Each team is responsible for becoming aware of family demographics by taking pertinent data from each family, filling out information on different diagnoses for all individuals in a given family. Health professionals and the families create bonds, which in turn, facilitates the identification and assistance to community health problems [18].

The Family Health Program in the city of San Carlos, where this study was conducted, was established in 2001 with four Teams. Currently this program benefits 64.000 people, and 16 teams are in operation. The municipality has a goal of reaching 50% of the population by the end of 2012, as the city undergoes a health service remodeling process.

Another peculiarity about this city is the fact that the Medicine Faculty from Universidade Federal de São Carlos (Federal University of São Carlos) has partnered with the municipality in terms of developing an innovative project geared towards family health care. The project involves adopting a model with a strong interaction between the public healthcare system in which the medical student starts his/her practice in the Family Health Program.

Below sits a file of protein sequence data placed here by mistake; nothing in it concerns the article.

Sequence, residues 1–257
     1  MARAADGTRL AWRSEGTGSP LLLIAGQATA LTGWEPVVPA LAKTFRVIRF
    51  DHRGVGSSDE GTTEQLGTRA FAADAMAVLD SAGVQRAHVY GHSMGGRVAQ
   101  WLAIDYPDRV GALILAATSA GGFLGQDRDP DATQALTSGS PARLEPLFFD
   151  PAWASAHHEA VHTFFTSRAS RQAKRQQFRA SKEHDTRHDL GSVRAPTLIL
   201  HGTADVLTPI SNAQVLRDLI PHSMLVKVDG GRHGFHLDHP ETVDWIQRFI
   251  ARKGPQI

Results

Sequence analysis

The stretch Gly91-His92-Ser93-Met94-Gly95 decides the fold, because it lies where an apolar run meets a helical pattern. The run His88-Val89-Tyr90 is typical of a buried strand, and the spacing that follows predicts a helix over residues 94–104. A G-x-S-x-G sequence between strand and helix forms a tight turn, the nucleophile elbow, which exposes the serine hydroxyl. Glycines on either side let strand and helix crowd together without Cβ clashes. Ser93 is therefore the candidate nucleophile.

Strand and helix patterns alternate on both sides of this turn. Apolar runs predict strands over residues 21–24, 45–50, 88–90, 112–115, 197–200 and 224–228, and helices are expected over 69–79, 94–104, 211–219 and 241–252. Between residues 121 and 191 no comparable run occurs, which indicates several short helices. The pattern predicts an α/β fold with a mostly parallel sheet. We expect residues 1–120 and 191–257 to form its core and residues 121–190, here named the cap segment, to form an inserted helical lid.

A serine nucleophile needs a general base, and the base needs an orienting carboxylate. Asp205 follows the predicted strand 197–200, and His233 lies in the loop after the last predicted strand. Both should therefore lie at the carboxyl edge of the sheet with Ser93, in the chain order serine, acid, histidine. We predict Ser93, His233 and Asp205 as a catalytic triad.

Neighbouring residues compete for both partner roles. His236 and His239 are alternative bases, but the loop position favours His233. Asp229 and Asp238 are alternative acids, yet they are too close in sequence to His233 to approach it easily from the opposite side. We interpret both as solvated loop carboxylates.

Working in the Family Health Program exposes professionals to various types of violence, such as family and urban violence which may affect professionals’ mental health [19]. In addition to violence, through home visitation, professionals notice other adversities, such as extreme poverty, which in its turn, may trigger feelings of helplessness. Other potential problems are the non-recognition of efforts, no delimitation between professional and personal boundaries; fear of exposure to risks; feelings of moral and physical integrity threats, and fear of retaliation. All this context and challenges must be considered when proposing any intervention with such professionals [19].

1.4. The training of health professionals on child abuse